When interest rates decrease, bond prices generally increase because the yields on existing bonds become more attractive. For instance, the yield on the investment-grade bond index is currently around 5.3%, significantly higher than the 15-year average of 3.7%. High-yield bonds and mortgage-backed securities are offering yields of 7.9% and 5.1%, respectively.

The importance of these yield levels is considerable. For much of the period following the 2008 financial crisis, investors were concerned that yields would remain low indefinitely, as policy rates stayed near zero or even went negative in some regions. Investors who depended on their portfolios for income had to "reach for yield," taking on additional risk by purchasing riskier bonds or switching to dividend-paying stocks. Today, despite the volatility in prices, retirees and long-term investors can take advantage of the most attractive yields seen in years.

The Fed is still expected to cut rates later this year

While performance numbers are always subject to change, they suggest the potential for rate cuts later this year and stabilizing inflation rates. This is crucial because market expectations for Fed rate cuts have been highly volatile this year, causing fluctuations in longer-term rates. In January, fed funds futures indicated that the Fed might need to cut rates several times due to a potential recession. However, as the economy remained robust and inflation stayed high, these expectations reversed.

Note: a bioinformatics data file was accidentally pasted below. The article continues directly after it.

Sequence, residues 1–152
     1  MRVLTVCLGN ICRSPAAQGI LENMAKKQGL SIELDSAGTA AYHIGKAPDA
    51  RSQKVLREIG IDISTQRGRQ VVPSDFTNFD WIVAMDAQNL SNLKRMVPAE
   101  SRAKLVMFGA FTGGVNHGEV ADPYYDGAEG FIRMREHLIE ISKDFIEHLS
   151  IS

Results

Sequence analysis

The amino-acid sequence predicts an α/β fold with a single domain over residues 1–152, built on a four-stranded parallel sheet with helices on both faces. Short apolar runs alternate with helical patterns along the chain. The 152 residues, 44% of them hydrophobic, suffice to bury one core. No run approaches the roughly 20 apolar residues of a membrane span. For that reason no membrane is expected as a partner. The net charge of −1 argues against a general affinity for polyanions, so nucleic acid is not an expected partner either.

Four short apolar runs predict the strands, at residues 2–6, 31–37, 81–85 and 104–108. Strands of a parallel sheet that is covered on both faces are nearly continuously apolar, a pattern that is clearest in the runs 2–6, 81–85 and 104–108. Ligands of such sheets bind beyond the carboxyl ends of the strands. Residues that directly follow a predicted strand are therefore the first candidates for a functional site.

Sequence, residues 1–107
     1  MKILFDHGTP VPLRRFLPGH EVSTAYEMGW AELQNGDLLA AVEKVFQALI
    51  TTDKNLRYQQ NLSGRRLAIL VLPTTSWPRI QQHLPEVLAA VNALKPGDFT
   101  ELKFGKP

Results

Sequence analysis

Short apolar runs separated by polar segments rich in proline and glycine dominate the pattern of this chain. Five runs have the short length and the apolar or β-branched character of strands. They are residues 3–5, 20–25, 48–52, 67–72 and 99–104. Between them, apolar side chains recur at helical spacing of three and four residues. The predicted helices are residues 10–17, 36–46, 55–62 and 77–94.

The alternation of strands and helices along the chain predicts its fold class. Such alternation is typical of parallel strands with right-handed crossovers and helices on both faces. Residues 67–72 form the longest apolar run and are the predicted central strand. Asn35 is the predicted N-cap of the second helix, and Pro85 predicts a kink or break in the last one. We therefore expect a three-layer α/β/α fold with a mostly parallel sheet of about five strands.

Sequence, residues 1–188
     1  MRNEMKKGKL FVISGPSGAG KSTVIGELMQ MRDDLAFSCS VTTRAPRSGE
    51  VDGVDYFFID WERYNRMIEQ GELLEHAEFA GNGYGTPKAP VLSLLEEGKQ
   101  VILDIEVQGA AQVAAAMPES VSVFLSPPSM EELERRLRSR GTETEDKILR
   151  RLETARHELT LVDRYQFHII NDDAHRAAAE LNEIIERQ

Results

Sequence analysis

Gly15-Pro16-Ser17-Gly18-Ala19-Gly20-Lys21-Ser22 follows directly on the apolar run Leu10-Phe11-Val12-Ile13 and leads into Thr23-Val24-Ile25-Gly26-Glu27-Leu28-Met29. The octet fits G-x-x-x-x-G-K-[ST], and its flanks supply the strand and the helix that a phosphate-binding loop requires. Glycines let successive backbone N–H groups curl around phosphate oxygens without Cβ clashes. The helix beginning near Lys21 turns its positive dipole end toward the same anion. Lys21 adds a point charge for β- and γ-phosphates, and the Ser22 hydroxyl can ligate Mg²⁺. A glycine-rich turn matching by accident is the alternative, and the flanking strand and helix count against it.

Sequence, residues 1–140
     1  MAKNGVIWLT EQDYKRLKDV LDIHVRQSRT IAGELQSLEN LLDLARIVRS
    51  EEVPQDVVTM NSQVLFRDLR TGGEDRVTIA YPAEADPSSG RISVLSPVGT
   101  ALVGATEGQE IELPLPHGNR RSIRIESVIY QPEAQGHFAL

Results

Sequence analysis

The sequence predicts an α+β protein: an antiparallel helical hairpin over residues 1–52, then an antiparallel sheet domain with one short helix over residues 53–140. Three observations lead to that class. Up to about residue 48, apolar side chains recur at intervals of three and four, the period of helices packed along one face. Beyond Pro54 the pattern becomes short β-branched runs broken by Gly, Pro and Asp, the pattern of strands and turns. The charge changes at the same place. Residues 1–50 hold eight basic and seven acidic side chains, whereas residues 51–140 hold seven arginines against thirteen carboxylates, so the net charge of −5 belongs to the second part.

Inflation rates are still above the Fed’s target, but recent improvements align with policymakers' goals. Higher policy rates are intended to tighten economic activity, curb spending, and control inflation. In their latest statement following the CPI report, the Fed noted “modest further progress toward the Committee’s 2 percent inflation objective.”

At his press conference, Fed Chair Jerome Powell highlighted the “two-sided risks” of maintaining a higher fed funds rate for an extended period. While high policy rates help combat inflation, they can also slow the economy in undesirable ways. For example, last year’s banking crisis was partly due to the impact of rising rates on banks with significant exposure to rate-sensitive long-term bonds, commercial real estate, cryptocurrencies, and more.